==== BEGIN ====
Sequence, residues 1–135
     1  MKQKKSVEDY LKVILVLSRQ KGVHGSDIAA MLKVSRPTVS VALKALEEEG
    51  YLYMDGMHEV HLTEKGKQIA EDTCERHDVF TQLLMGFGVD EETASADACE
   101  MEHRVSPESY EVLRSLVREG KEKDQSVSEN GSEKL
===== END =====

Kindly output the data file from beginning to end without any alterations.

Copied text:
Sequence, residues 1–135
     1  MKQKKSVEDY LKVILVLSRQ KGVHGSDIAA MLKVSRPTVS VALKALEEEG
    51  YLYMDGMHEV HLTEKGKQIA EDTCERHDVF TQLLMGFGVD EETASADACE
   101  MEHRVSPESY EVLRSLVREG KEKDQSVSEN GSEKL